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Jea Hwa Jang 1 Article
Diabetes, Obesity and Metabolism
Recent Advances in Understanding Peripheral Taste Decoding I: 2010 to 2020
Jea Hwa Jang, Obin Kwon, Seok Jun Moon, Yong Taek Jeong
Endocrinol Metab. 2021;36(3):469-477.   Published online June 18, 2021
DOI: https://doi.org/10.3803/EnM.2021.302
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  • 4 Web of Science
  • 4 Crossref
AbstractAbstract PDFPubReader   ePub   
Taste sensation is the gatekeeper for direct decisions on feeding behavior and evaluating the quality of food. Nutritious and beneficial substances such as sugars and amino acids are represented by sweet and umami tastes, respectively, whereas noxious substances and toxins by bitter or sour tastes. Essential electrolytes including Na+ and other ions are recognized by the salty taste. Gustatory information is initially generated by taste buds in the oral cavity, projected into the central nervous system, and finally processed to provide input signals for food recognition, regulation of metabolism and physiology, and higher-order brain functions such as learning and memory, emotion, and reward. Therefore, understanding the peripheral taste system is fundamental for the development of technologies to regulate the endocrine system and improve whole-body metabolism. In this review article, we introduce previous widely-accepted views on the physiology and genetics of peripheral taste cells and primary gustatory neurons, and discuss key findings from the past decade that have raised novel questions or solved previously raised questions.

Citations

Citations to this article as recorded by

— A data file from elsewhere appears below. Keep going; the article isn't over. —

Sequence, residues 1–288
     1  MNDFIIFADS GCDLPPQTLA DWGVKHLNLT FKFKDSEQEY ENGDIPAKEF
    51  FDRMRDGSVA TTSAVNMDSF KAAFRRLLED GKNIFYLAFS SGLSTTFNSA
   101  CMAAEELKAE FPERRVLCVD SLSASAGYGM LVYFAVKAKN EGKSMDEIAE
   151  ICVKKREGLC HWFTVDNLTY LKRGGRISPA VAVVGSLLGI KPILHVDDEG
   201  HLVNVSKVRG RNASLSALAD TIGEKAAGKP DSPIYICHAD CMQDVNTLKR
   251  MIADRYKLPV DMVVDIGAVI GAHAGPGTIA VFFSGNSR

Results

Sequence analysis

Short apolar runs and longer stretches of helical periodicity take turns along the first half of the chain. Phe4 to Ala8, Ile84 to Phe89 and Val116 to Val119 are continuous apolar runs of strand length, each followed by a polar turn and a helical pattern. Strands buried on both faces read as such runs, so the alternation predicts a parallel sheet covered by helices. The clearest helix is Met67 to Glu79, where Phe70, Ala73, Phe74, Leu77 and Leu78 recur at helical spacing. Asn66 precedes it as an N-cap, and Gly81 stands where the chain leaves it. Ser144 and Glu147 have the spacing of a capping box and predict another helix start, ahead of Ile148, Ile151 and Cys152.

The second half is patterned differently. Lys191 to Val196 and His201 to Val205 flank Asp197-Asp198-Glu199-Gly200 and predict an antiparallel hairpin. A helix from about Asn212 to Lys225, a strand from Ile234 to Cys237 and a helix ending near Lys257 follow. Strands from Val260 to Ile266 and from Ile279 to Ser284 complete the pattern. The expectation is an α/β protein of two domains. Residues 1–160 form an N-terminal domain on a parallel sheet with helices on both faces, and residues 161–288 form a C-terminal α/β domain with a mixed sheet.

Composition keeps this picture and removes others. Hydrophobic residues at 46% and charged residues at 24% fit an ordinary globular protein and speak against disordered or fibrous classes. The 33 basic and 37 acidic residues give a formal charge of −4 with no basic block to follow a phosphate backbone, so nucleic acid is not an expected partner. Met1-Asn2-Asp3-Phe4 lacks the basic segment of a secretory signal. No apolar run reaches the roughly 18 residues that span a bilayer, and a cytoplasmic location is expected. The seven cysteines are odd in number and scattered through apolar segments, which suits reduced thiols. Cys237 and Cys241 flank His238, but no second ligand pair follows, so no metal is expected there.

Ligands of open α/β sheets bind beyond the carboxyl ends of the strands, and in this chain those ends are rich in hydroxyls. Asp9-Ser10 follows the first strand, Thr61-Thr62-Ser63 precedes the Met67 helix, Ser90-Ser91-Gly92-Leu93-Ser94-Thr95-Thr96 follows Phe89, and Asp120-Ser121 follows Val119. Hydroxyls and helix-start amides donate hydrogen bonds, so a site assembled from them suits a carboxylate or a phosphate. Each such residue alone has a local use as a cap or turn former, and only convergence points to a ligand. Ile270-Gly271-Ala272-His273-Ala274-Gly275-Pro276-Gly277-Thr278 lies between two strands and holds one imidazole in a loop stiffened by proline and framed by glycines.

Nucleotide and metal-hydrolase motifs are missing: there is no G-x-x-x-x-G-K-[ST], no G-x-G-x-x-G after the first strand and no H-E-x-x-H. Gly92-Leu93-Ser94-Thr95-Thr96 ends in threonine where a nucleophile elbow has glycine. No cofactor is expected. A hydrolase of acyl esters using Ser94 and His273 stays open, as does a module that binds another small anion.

• Multidimensional exploration of the bitterness amelioration effect of roasting on Wuyi Rock tea
    Weiying Su, Li Ni, Yizhe Chen, Daoliang Wang, Chih-Cheng Lin, Yuan Liu, Zhibin Liu
    Food Chemistry.2024; 437: 137954.     CrossRef
  • Physiology of the tongue with emphasis on taste transduction
    Máire E. Doyle, Hasitha U. Premathilake, Qin Yao, Caio H. Mazucanti, Josephine M. Egan
    Physiological Reviews.2023; 103(2): 1193.     CrossRef
  • Polycystic kidney disease 2-like 1 channel contributes to the bitter aftertaste perception of quinine
    Takahiro Shimizu, Takuto Fujii, Keisuke Hanita, Ryo Shinozaki, Yusaku Takamura, Yoshiro Suzuki, Teppei Kageyama, Mizuki Kato, Hisao Nishijo, Makoto Tominaga, Hideki Sakai
    Scientific Reports.2023;[Epub]     CrossRef
  • Sweet Taste Preference: Relationships with Other Tastes, Liking for Sugary Foods and Exploratory Genome-Wide Association Analysis in Subjects with Metabolic Syndrome
    Rebeca Fernández-Carrión, Jose V. Sorlí, Oscar Coltell, Eva C. Pascual, Carolina Ortega-Azorín, Rocío Barragán, Ignacio M. Giménez-Alba, Andrea Alvarez-Sala, Montserrat Fitó, Jose M. Ordovas, Dolores Corella
    Biomedicines.2021; 10(1): 79.     CrossRef
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